Artist name: Dylan LeBlanc
Hometown: Shreveport, Louisiana
Latest album: Renegade
Personal nicknames (or rejected band names): My friends all call me D — my only nickname really 🙂
What’s your favorite memory from being on stage?
One of my favorite memories was from a few years ago in Norway and playing a big festival stage. I thought no one was gonna show up during our set and that we shouldn’t be playing the stage we were playing. But we walked out to a roar of thousands of people, I looked back at my drummer, Jon, and the rest of the band said, “All right, let’s let them have it!”
What other art forms — literature, film, dance, painting, etc. — inform your music?
Oh my god, I love literature and music from film, chamber orchestras, symphony. I love Martin Phipps, James Newton Howard, and Hans Zimmer. Music is so important when it comes to film and when I write I sometimes have a little movie playing in my head and imagine myself writing the music to it.
Music really transcends films and if we didn’t have it, the film wouldn’t be near as emotionally devastating, touching, funny, or lighthearted. I miss the long camera shots in movies when you could tell they weren’t working with more than maybe two cameras or sometimes one. You had to rely on the music, frame and emotion of the actor to make it come together.
It proves the theory that less is always more and you don’t need a whole bunch of gadgets and technology to make great art. You just need imagination and drive. I kind of take that philosophy with me in my own songwriting. I love imagery and I think that maybe my strong suit as a lyricist is creating strong imagery that has a feeling attached to it.
What’s the toughest time you ever had writing a song?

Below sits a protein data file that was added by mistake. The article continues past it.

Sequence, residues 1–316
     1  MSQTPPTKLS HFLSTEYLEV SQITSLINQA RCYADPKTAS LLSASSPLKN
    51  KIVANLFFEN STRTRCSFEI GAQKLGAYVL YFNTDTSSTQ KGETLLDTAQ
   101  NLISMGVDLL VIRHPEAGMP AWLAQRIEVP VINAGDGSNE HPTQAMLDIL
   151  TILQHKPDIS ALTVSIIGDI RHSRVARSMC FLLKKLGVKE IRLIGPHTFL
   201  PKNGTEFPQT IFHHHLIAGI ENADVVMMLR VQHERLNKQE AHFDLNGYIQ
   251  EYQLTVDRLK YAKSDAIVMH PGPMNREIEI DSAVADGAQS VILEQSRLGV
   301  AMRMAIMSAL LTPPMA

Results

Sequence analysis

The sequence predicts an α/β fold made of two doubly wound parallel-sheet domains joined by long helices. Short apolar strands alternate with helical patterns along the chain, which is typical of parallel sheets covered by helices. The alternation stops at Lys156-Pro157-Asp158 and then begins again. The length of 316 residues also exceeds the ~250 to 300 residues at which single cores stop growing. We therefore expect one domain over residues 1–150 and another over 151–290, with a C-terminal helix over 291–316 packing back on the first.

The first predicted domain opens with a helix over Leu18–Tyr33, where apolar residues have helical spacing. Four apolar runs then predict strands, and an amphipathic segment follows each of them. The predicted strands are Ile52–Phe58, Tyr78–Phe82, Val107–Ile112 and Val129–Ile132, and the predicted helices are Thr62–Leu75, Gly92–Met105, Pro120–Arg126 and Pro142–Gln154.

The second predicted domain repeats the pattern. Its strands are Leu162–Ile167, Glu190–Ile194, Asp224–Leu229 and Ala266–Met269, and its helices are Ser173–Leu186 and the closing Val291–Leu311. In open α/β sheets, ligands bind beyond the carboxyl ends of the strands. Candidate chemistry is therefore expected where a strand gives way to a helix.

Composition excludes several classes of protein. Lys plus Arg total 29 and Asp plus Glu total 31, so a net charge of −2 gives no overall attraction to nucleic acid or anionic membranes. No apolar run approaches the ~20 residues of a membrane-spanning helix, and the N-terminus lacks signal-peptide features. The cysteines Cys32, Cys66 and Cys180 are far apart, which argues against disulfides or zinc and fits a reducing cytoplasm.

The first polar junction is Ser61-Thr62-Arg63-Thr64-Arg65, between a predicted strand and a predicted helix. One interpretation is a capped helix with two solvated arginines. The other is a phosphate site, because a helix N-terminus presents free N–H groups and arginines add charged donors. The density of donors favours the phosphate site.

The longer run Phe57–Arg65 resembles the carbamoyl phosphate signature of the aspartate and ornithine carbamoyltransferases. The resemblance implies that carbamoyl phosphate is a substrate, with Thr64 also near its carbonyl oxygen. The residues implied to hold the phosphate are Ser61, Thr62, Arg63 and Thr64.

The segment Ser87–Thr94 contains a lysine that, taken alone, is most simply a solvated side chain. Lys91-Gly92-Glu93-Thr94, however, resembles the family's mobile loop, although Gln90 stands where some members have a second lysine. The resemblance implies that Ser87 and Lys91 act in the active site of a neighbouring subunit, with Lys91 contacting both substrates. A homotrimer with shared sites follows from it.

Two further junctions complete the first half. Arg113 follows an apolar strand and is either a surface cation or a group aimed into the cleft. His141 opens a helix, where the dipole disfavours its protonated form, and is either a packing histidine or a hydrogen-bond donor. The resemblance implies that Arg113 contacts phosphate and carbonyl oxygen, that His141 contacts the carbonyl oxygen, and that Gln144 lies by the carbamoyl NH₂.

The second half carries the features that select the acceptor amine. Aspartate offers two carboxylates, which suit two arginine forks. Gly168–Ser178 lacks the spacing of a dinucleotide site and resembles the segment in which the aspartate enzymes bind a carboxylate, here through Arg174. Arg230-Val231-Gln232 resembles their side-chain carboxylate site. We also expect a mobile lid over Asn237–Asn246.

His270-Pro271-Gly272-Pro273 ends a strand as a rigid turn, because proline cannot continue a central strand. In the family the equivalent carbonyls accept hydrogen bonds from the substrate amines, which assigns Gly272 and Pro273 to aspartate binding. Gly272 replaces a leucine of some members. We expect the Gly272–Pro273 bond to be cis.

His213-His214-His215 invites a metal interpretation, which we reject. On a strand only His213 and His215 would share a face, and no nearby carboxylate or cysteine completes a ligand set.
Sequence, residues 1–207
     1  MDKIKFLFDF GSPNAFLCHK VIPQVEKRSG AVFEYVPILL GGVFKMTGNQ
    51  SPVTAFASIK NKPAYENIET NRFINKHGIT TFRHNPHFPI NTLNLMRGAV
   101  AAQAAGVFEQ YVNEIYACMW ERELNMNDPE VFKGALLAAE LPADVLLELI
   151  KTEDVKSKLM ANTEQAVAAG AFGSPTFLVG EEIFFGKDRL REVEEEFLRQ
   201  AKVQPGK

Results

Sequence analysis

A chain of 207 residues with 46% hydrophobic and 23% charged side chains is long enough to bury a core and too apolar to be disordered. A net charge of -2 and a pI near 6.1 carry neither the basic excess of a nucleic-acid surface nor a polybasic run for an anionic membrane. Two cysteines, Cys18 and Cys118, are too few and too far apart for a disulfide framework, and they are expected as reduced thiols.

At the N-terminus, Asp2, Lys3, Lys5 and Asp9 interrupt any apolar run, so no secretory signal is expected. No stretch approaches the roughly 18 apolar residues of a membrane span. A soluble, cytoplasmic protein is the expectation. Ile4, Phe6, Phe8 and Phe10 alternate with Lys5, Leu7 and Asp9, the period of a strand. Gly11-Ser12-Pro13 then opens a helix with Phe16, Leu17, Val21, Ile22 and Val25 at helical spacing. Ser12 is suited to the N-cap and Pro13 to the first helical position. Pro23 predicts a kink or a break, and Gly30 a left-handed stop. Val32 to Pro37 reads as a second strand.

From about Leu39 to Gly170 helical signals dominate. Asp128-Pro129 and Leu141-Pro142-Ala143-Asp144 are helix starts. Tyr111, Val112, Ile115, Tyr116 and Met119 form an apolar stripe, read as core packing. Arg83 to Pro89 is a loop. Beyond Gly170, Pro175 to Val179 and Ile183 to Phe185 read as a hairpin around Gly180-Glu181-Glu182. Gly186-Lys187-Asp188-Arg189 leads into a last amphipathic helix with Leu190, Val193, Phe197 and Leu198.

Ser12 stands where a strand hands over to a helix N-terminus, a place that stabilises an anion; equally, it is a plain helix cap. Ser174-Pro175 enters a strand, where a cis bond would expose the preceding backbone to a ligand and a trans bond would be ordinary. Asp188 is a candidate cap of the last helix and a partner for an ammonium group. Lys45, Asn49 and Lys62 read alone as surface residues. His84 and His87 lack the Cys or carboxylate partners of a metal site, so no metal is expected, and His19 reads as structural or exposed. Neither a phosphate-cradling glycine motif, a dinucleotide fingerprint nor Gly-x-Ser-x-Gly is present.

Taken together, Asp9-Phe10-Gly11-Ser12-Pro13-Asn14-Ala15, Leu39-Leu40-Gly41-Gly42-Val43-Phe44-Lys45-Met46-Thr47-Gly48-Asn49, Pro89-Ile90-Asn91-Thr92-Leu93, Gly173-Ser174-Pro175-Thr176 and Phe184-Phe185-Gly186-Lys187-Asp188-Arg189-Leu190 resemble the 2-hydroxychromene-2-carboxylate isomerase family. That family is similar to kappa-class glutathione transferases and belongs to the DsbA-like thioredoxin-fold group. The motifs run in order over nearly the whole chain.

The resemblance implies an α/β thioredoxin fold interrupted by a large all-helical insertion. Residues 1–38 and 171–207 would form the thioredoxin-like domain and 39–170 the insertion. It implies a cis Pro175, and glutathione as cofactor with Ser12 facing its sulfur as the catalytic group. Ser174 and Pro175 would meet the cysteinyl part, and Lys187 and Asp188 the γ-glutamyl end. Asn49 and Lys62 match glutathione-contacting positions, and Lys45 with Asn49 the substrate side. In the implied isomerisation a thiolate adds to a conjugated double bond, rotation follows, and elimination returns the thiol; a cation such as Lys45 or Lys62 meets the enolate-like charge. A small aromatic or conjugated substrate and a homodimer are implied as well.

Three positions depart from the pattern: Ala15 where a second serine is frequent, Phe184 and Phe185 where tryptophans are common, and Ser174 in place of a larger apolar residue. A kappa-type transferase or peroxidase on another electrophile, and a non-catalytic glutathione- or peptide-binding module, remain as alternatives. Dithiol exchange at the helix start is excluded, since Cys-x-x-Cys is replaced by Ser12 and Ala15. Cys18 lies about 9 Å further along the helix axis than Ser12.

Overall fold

A lot of the songs I wrote for Renegade were tough because I was doing something new and had never written necessarily uptempo songs before. I found myself having to dig for inspiration and having to actually “work” for the first time at songwriting. But the reward of finishing these songs was immensely satisfying. If I got a song written in two days’ time of sitting there staring at a blank page I was jumping for joy.
I got frightened there for a minute that I would never write another song again. That’s when you gotta just sit down and make yourself do it, where discipline comes in. I’m the worst about procrastination and when things don’t come easy I very often lose focus, so it was a test of going against my nature and having to really make myself stay focused.
I kept a rubber band on my wrist and would smack myself with it every time I’d catch myself drifting during the writing of these songs. Ultimately I wrote twenty songs for Renegade alone and recorded ten. I wrote some really beautiful songs that didn’t make it that I hope to include on the next one.
Which elements of nature do you spend the most time with and how do those impact your work?
I honestly drive more than anyone I know. I love the deep, deep south, the moss on the trees and the murky water. I love the alligators and snakes. The snake is my spirit animal and at first I thought that was a bad thing but it actually just means that I always need to stay grounded. Any place where there is a rich history and stories of its own, inspires my work. They make me feel like there is an endless supply of stories to tell, of people who have felt what I’ve felt and seen what I have seen long before I ever felt or saw anything. I feel less alone. New Orleans, San Francisco, Charleston, Savannah, London, Paris, Amsterdam — these places always get me creatively flowing. Just passing through and seeing how much time has passed and how that hasn’t change them all that much.
How often do you hide behind a character in a song or use “you” when it’s actually “me”?
Very often, I hide behind characters more often than not. I think a piece of every songwriter goes into their songs. My friend Courtney Marie Andrews, whom I consider to be one of the best lyricists of our time, is really good at pouring herself into her songs, yet making them seem strangely relatable to everyone. She is one of the best at that and I can feel every word she sings. Then you have Jason Isbell who can listen to a story on NPR and then write an incredibly sophisticated and intricate song about a character to [the point] where you feel close to them while listening to the song.
I feel like I’m a writer who tries to achieve it all but ends up putting a piece of myself in everything, trying to hide behind the “you’s” and the characters [I] am writing about. I am very much still growing and learning how to be a good writer. It is a practice I will always be chipping away at for years to come.
Photo credit: Alysse Gafkjen